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Cool article. Wish we rode bikes and walked more. Less pollution, better health (reduce diabetes and more) and just a better life. Never see happy people driving cars/suvs. They always looks stressed and miserable.
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Old 02-18-2014, 01:29 PM
 
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Quote:
Originally Posted by BajanYankee View Post
Look at it this way...if England decided to build a whole bunch of little Metro Atlantas and Houstons all over the place, how much land would be left over for agriculture, national parks, forests, military bases, etc?

The Atlanta MSA is 8,376 sq. miles. The Houston MSA is 10,062 sq. miles. Those two MSAs combined would eat up a whopping 20 percent of the entire United Kingdom.

Having a large population with far less land makes you much more sensitive to the way you're using land.
Lack of density is a result of highway subsidies (and other things in the article), not a reason to continue them. Who would pay higher rent to live near work when you could drive five more miles down the highway for almost free? Now if you had to pay a $10 toll or extra gas tax a day you might reconsider how economical that $100 less in rent really is.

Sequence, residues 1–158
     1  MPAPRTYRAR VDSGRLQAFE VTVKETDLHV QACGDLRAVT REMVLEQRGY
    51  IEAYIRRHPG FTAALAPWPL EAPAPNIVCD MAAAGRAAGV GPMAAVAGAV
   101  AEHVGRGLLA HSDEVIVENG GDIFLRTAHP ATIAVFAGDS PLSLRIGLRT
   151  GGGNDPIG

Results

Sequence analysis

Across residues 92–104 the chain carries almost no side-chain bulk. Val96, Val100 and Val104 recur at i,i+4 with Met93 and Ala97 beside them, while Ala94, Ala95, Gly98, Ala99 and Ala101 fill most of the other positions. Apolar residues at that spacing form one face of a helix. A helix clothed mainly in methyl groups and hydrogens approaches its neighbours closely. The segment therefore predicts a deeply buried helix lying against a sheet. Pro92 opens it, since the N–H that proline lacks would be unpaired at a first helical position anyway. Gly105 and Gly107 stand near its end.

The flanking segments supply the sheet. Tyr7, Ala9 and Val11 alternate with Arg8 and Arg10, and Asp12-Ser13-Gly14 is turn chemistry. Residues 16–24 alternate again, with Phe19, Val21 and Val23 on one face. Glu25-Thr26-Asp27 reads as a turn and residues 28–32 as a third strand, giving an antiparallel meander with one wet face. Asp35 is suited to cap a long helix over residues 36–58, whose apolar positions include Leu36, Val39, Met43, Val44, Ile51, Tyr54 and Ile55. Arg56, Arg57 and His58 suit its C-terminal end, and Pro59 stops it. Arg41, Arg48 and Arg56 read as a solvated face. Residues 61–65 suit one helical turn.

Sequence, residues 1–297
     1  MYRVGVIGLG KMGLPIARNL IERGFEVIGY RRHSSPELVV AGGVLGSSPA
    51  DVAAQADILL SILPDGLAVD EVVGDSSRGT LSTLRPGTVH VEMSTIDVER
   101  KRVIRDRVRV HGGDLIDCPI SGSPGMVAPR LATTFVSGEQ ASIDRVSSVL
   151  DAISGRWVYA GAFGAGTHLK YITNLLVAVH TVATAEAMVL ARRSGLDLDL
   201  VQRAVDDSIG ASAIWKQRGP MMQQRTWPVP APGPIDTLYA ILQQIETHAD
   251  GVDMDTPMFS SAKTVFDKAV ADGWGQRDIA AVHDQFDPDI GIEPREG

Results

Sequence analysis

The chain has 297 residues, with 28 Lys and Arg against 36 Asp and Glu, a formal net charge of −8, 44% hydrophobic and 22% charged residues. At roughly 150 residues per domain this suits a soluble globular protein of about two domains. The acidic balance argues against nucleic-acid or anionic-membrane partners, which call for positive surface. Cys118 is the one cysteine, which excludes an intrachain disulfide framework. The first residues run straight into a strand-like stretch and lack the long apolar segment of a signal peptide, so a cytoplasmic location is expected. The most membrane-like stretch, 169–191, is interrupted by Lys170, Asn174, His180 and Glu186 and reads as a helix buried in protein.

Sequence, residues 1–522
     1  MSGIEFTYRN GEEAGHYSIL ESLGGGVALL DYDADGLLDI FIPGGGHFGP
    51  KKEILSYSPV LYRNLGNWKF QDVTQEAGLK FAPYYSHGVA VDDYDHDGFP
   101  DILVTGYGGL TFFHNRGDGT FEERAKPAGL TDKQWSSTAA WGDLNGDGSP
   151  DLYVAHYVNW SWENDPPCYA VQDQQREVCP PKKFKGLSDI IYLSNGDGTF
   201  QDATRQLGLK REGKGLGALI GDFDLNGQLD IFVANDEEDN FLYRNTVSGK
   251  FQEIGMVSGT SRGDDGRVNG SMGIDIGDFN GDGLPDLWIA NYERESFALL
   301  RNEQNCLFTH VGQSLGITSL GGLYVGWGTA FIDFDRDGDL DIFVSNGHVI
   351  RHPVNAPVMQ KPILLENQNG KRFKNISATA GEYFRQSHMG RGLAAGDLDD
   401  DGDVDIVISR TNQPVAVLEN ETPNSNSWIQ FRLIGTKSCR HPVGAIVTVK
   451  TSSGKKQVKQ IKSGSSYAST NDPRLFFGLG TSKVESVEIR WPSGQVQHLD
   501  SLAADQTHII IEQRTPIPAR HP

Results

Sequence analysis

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Old 02-18-2014, 01:35 PM
Status: "Summer!" (set 24 days ago)
 
Location: Foot of the Rockies
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Quote:
Originally Posted by jsvh View Post
Lack of density is a result of highway subsidies (and other things in the article), not a reason to continue them. Who would pay higher rent to live near work when you could drive five more miles down the highway for almost free? Now if you had to pay a $10 toll or extra gas tax a day you might reconsider how economical that $100 less in rent really is.
No, lack of density is not just the result of highway subsidies, as many urbanists seem to believe.